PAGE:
Ideally, in a merger of hospitals in close proximity, one hospital closes and consolidates into the other facility. That immediately cuts the overhead expenses—you pay one rent instead of two, one utility bill instead of two, and so on. As we’d already outgrown both facilities, this wasn’t an option. We were both landlocked by neighboring establishments. We couldn’t purchase acceptable adjacent property to add onto existing buildings. Therefore, we were forced to look for a larger existing building we could adapt or a piece of land on which to erect a new structure.
After exploring a number of options, we purchased a 15,000-square-foot former auto parts warehouse located behind one of the hospitals. The 20-year-old building was primarily a shell, which meant there would be minimal demolition. We knew some of the metal exterior walls would have to go, but the roof and superstructure were in good condition. We only needed 10,000 square feet for the hospital and boarding kennel, but we hoped to rent out the remaining 5,000 square feet. We also were able to acquire an adjacent lot for future growth.
Our design technique was pretty basic. We drew a rectangle on a sheet of notebook paper and started sketching in where we wanted doors, walls, and bathrooms. Each of the partners was given an opportunity to request anything he or she wanted. Of course, we were also looking at floor plans in books and magazines and visiting other animal hospitals to get ideas. Once we had what we thought was a good floor plan, we turned the drawing over to an architect to formalize the design.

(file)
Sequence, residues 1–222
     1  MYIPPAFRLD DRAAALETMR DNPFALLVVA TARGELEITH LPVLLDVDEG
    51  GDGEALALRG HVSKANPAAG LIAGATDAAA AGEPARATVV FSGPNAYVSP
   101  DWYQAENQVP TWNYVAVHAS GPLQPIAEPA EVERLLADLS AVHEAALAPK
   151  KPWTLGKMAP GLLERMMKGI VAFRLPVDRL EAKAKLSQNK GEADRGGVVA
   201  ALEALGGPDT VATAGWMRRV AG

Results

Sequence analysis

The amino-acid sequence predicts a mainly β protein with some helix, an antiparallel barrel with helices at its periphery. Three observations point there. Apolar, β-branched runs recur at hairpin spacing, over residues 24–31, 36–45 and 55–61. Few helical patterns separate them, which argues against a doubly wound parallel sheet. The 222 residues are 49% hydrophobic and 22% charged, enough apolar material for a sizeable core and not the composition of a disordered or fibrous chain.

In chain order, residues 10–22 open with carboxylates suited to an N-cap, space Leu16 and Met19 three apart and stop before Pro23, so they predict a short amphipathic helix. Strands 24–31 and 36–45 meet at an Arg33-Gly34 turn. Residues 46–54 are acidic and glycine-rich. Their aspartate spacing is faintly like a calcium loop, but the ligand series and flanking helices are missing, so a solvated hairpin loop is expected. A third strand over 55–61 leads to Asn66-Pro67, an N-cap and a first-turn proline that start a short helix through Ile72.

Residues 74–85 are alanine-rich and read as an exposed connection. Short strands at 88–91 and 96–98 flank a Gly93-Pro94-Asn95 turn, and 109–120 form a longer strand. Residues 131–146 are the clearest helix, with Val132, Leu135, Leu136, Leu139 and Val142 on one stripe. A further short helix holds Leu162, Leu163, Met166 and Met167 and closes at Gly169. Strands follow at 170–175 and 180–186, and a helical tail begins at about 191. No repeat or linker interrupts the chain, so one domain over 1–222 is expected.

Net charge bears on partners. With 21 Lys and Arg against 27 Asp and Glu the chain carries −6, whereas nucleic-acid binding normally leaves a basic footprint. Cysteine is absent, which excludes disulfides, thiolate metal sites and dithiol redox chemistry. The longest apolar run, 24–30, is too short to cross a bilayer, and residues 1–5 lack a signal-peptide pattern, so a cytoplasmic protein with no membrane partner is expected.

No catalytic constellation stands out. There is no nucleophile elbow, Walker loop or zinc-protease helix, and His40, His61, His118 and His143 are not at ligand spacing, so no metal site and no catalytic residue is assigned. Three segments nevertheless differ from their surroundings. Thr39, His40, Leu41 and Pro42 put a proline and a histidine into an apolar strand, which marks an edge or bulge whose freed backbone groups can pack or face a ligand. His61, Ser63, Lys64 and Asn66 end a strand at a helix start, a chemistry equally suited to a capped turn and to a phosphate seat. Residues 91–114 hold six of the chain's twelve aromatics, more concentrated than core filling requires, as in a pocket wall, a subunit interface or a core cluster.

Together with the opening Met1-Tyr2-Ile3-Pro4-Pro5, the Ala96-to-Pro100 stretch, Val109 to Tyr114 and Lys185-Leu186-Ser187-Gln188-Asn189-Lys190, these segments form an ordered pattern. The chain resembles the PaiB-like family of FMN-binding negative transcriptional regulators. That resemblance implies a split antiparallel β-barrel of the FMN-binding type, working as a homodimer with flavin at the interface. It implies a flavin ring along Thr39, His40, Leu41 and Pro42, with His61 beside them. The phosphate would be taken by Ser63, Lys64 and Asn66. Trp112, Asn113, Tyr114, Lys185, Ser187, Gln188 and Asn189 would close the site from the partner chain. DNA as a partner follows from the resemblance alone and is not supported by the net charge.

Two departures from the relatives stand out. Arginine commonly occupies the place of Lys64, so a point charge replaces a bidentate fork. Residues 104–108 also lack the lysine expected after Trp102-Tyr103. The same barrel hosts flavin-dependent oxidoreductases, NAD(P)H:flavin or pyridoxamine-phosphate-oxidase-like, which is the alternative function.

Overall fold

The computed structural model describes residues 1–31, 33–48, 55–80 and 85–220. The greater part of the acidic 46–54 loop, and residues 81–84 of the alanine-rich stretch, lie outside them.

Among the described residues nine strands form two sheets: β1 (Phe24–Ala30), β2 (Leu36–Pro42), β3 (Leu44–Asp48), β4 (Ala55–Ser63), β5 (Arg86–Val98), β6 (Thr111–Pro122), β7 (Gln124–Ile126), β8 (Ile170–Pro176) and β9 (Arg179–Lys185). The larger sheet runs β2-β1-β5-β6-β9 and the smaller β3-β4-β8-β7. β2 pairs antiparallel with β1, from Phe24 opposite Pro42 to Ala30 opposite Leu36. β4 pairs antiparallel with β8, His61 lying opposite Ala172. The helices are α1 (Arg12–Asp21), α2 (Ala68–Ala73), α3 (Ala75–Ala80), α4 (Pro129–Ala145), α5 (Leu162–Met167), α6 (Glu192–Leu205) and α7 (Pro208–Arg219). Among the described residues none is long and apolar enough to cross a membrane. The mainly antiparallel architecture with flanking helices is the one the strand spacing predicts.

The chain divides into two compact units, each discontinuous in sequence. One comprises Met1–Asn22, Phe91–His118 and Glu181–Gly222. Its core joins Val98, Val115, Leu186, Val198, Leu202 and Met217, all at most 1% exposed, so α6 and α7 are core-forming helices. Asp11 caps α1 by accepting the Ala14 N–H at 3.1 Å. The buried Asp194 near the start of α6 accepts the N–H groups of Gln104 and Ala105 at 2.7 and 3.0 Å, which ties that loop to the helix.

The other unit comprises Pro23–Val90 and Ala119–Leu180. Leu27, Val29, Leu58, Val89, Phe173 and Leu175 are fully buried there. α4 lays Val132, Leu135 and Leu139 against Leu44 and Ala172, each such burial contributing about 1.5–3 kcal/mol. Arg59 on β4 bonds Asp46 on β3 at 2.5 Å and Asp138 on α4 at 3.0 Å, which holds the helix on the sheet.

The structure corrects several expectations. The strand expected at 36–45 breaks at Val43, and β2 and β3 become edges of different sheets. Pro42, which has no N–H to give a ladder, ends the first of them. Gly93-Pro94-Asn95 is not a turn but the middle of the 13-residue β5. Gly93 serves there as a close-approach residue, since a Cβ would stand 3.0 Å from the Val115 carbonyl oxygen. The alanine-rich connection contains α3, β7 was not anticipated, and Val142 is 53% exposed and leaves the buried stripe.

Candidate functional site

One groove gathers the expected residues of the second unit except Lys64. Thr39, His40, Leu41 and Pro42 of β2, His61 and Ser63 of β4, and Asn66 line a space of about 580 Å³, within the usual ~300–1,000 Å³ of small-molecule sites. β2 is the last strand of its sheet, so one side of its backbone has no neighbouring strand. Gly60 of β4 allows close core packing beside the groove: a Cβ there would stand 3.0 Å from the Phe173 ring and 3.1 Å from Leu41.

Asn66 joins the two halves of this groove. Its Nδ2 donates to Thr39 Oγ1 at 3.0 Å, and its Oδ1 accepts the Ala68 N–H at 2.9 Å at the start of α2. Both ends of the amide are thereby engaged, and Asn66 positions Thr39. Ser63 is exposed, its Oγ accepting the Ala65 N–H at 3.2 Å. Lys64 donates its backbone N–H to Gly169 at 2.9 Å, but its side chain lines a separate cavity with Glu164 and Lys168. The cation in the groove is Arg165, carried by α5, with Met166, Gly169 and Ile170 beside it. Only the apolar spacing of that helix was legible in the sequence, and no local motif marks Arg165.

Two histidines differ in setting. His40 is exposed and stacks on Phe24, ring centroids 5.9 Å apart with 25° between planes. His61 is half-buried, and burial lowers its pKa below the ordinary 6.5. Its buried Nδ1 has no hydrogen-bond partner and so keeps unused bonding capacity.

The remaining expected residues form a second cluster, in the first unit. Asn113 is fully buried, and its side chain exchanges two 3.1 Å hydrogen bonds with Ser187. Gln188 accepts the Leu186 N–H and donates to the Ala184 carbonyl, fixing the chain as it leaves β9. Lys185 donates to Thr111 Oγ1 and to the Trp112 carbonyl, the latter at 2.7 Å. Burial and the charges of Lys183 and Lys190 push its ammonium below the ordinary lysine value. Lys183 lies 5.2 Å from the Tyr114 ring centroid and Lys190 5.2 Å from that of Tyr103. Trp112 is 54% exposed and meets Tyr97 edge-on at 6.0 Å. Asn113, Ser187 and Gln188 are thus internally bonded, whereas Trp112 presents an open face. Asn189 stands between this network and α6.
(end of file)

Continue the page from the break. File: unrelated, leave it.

Our builder was a local contracting firm I’d used previously for some renovation projects. The company had also built another animal hospital and had renovated a shopping center space for our local emergency clinic. This firm had a good reputation for being reliable, and they didn’t disappoint. They showed up when they said they would and, once the project was started, stayed with it until completion. Soon our new space was alive with activity, a flurry of hammers and saws at work.
Inevitable construction problems
Any construction project brings unexpected problems, and ours was no different as we worked through a maze of building permits and licenses. We included an efficiency apartment in one corner of the building to accommodate veterinary student externs. This necessitated a special use permit from the city. All plans and revisions had to go through the city building inspector’s office, which was time-consuming and tedious.
We’d decided on an in-state architectural firm that had done some renovation work for two local veterinary hospitals. However, the firm hadn’t worked with or drawn a plan for a veterinary facility to be built from the ground up. I found myself doing much of the research about building materials for animal hospitals to ensure ease of cleaning and sanitation. For example, air exchanges needed to be planned to keep odors under control. If I were starting over, I would look more seriously at architects who have extensive experience with veterinary facilities, even if their offices are located in other parts of the country. The HVAC system in our new facility was so flawed it took a local heating contractor a full year to correct all the design errors.